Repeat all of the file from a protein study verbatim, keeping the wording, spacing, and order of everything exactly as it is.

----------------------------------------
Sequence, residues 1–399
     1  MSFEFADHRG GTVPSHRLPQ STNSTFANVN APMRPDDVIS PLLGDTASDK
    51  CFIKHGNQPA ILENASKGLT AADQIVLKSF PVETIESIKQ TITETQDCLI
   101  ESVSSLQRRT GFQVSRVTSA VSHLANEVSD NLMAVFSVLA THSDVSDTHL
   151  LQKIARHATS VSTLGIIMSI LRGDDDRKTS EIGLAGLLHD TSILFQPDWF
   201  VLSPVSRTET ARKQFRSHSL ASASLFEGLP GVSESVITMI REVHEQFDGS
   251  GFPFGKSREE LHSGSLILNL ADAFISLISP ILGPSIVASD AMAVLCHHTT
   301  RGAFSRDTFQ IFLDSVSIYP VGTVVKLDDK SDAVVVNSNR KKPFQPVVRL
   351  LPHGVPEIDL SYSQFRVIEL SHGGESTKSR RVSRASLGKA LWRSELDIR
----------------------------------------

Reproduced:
Sequence, residues 1–399
     1  MSFEFADHRG GTVPSHRLPQ STNSTFANVN APMRPDDVIS PLLGDTASDK
    51  CFIKHGNQPA ILENASKGLT AADQIVLKSF PVETIESIKQ TITETQDCLI
   101  ESVSSLQRRT GFQVSRVTSA VSHLANEVSD NLMAVFSVLA THSDVSDTHL
   151  LQKIARHATS VSTLGIIMSI LRGDDDRKTS EIGLAGLLHD TSILFQPDWF
   201  VLSPVSRTET ARKQFRSHSL ASASLFEGLP GVSESVITMI REVHEQFDGS
   251  GFPFGKSREE LHSGSLILNL ADAFISLISP ILGPSIVASD AMAVLCHHTT
   301  RGAFSRDTFQ IFLDSVSIYP VGTVVKLDDK SDAVVVNSNR KKPFQPVVRL
   351  LPHGVPEIDL SYSQFRVIEL SHGGESTKSR RVSRASLGKA LWRSELDIR